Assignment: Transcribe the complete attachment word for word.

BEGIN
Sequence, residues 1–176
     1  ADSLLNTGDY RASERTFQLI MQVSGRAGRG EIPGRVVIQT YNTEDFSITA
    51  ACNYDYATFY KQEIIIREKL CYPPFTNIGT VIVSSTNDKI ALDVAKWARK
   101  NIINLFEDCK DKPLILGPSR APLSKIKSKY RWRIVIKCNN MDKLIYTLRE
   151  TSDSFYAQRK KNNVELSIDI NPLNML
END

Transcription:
Sequence, residues 1–176
     1  ADSLLNTGDY RASERTFQLI MQVSGRAGRG EIPGRVVIQT YNTEDFSITA
    51  ACNYDYATFY KQEIIIREKL CYPPFTNIGT VIVSSTNDKI ALDVAKWARK
   101  NIINLFEDCK DKPLILGPSR APLSKIKSKY RWRIVIKCNN MDKLIYTLRE
   151  TSDSFYAQRK KNNVELSIDI NPLNML